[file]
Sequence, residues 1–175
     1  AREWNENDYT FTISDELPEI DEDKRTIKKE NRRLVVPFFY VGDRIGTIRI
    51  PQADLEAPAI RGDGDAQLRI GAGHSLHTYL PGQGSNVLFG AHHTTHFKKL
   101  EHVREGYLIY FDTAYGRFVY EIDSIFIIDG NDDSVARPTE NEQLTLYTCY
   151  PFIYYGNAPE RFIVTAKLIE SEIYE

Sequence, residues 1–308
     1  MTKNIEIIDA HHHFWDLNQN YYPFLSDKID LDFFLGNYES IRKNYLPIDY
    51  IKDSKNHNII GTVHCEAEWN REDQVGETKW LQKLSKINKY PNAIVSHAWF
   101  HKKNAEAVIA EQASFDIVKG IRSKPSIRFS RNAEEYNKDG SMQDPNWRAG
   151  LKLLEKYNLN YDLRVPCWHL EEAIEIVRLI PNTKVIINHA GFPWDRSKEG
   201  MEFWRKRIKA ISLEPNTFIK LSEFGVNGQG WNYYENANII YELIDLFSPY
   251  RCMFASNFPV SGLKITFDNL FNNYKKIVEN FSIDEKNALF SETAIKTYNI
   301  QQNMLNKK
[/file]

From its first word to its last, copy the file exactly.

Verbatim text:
Sequence, residues 1–175
     1  AREWNENDYT FTISDELPEI DEDKRTIKKE NRRLVVPFFY VGDRIGTIRI
    51  PQADLEAPAI RGDGDAQLRI GAGHSLHTYL PGQGSNVLFG AHHTTHFKKL
   101  EHVREGYLIY FDTAYGRFVY EIDSIFIIDG NDDSVARPTE NEQLTLYTCY
   151  PFIYYGNAPE RFIVTAKLIE SEIYE

Sequence, residues 1–308
     1  MTKNIEIIDA HHHFWDLNQN YYPFLSDKID LDFFLGNYES IRKNYLPIDY
    51  IKDSKNHNII GTVHCEAEWN REDQVGETKW LQKLSKINKY PNAIVSHAWF
   101  HKKNAEAVIA EQASFDIVKG IRSKPSIRFS RNAEEYNKDG SMQDPNWRAG
   151  LKLLEKYNLN YDLRVPCWHL EEAIEIVRLI PNTKVIINHA GFPWDRSKEG
   201  MEFWRKRIKA ISLEPNTFIK LSEFGVNGQG WNYYENANII YELIDLFSPY
   251  RCMFASNFPV SGLKITFDNL FNNYKKIVEN FSIDEKNALF SETAIKTYNI
   301  QQNMLNKK